Mrs. Mercy Maigoge, State Health Educator disclosed this at a one-day engagement meeting with Media practitioners on the Maternal Neonatal Tetanus Elimination campaign, held in Jalingo.
The meeting aimed to sensitize the media partners on the maternal and neonatal tetanus elimination (MNTE) campaign currently going on in four LGAs of the state.
The LGAs are Bali, Kurmi, Wukari, and Yerro.
The engagement of the media was also on the need for sustained community awareness and education for increased uptake of the vaccines by the target group which is 15 years to 49 years old.
Mrs. Mercy Maigoge further explained that the meeting was also aimed at engaging the media in field monitoring, documentation, as well as reportage among others.
She described the media as key stakeholders to partner with, with the view of achieving the objective of the campaign.
She said that the TD popularly known as (TT) vaccination campaign will last for five days in the designated LGAs, and urged the media to go out and monitor the full implementation of the vaccine during the campaign.
According to her, data showed that the selected LGAs are performing below expectation in regards to the tetanus vaccination, thereby necessitating the campaign to cover up to raise the data to expectation.
Giving an overview, the State team lead, Social and Behavior Change-UNICEF, Jennifer Dabo said the elimination of maternal neonatal tetanus (MNT) is a key area in global public health policy, and it is one of the six childhood killer diseases targeted for accelerated control in Nigeria.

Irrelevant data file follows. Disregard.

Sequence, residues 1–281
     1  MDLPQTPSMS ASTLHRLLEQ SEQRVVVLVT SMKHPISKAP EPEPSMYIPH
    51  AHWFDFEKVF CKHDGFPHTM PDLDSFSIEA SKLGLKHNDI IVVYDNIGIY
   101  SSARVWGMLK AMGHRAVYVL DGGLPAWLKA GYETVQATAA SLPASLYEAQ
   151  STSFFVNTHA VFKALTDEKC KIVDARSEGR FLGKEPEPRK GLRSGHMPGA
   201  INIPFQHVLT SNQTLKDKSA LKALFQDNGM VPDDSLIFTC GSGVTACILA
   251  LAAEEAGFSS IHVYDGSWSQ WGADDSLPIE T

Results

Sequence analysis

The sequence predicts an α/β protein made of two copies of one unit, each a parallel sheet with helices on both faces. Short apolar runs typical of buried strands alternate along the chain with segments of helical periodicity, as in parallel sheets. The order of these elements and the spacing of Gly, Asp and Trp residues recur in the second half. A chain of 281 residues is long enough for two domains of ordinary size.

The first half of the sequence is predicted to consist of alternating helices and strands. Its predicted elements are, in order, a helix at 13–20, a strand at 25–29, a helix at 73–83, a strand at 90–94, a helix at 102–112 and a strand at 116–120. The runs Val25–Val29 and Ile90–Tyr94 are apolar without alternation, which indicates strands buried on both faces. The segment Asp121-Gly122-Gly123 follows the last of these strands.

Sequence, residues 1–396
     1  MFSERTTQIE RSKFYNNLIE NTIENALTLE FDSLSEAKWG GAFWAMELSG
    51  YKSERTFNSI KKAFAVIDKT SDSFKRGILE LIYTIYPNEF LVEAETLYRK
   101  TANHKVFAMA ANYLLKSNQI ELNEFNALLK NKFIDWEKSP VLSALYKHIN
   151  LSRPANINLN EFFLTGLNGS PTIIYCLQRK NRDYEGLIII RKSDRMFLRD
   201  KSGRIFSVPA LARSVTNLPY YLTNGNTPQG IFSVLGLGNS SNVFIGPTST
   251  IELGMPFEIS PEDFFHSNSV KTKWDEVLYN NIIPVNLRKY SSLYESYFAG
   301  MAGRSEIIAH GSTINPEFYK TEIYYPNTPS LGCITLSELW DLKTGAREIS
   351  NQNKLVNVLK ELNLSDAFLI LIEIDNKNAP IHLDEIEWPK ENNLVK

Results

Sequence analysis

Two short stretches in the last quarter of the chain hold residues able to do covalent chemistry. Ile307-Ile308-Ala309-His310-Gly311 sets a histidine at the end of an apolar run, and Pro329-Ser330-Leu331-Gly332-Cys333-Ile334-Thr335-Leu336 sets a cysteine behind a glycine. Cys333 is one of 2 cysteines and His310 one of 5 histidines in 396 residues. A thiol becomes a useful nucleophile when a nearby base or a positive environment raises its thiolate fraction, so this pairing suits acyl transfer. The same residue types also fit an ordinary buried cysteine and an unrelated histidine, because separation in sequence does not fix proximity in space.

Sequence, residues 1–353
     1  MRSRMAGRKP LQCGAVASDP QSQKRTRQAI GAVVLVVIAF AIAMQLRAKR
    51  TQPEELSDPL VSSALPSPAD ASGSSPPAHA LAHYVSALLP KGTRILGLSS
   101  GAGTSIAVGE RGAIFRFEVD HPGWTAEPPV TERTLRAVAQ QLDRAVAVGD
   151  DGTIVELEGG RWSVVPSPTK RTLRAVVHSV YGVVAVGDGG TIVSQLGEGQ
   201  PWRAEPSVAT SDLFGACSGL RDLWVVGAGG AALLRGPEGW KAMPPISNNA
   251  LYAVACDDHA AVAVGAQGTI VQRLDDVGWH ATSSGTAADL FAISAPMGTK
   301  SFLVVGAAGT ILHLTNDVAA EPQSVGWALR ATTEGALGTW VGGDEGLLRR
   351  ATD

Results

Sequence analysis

She said the MNTE initiative aims to reduce maternal neonatal tetanus cases to such low levels that the disease is no longer a major public health problem, adding that it is defined as the occurrence of less than one NT case per 1000 live births per year in every district.
“So, in thousand, at least they want to reduce Neonatal Tetanus as little as just one if it is possible,” said Dabo.
Jennifer Dabo noted that in many communities, deliveries take place in unhygienic circumstances, putting mothers and their newborn babies at risk of a variety of life-threatening infections such as tetanus, therefore, she discouraged the engagement of traditional birth attendants and advocates for going to the hospital.
She believes that through immunization of children, mothers, and other women of reproductive age, and the promotion of more hygienic deliveries as well as cord care practices, MNT can be eliminated.
Jennifer Dabo recalled that in 1989, the 42nd World Health Assembly called for the elimination of neonatal tetanus by 1995, and the report shows that 12 countries have not reached the MNTE status, and activities to achieve the goal are ongoing in those countries including Nigeria.
Meanwhile, the new elimination target is set for 2023.
Mr. Detoh Ngasoh, UNICEF State Facilitator, social and behavior change appreciated the media and appealed for a fruitful collaboration.